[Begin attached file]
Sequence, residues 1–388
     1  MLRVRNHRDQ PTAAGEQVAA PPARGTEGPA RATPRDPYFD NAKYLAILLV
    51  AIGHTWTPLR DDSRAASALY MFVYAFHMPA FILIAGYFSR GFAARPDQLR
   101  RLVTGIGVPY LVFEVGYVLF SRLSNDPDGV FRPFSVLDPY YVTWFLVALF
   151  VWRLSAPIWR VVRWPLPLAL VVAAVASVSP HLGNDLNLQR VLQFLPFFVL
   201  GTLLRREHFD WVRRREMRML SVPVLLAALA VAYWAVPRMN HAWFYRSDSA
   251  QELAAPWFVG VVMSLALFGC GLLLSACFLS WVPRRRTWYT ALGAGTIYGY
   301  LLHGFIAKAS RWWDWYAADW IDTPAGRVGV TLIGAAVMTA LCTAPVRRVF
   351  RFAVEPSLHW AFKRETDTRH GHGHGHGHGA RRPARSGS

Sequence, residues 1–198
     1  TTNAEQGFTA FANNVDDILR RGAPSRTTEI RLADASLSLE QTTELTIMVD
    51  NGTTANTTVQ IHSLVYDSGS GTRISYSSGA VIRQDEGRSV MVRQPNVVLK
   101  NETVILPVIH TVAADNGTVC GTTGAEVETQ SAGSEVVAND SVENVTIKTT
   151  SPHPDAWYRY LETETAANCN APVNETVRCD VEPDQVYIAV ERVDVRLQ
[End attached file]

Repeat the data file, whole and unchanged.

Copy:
Sequence, residues 1–388
     1  MLRVRNHRDQ PTAAGEQVAA PPARGTEGPA RATPRDPYFD NAKYLAILLV
    51  AIGHTWTPLR DDSRAASALY MFVYAFHMPA FILIAGYFSR GFAARPDQLR
   101  RLVTGIGVPY LVFEVGYVLF SRLSNDPDGV FRPFSVLDPY YVTWFLVALF
   151  VWRLSAPIWR VVRWPLPLAL VVAAVASVSP HLGNDLNLQR VLQFLPFFVL
   201  GTLLRREHFD WVRRREMRML SVPVLLAALA VAYWAVPRMN HAWFYRSDSA
   251  QELAAPWFVG VVMSLALFGC GLLLSACFLS WVPRRRTWYT ALGAGTIYGY
   301  LLHGFIAKAS RWWDWYAADW IDTPAGRVGV TLIGAAVMTA LCTAPVRRVF
   351  RFAVEPSLHW AFKRETDTRH GHGHGHGHGA RRPARSGS

Sequence, residues 1–198
     1  TTNAEQGFTA FANNVDDILR RGAPSRTTEI RLADASLSLE QTTELTIMVD
    51  NGTTANTTVQ IHSLVYDSGS GTRISYSSGA VIRQDEGRSV MVRQPNVVLK
   101  NETVILPVIH TVAADNGTVC GTTGAEVETQ SAGSEVVAND SVENVTIKTT
   151  SPHPDAWYRY LETETAANCN APVNETVRCD VEPDQVYIAV ERVDVRLQ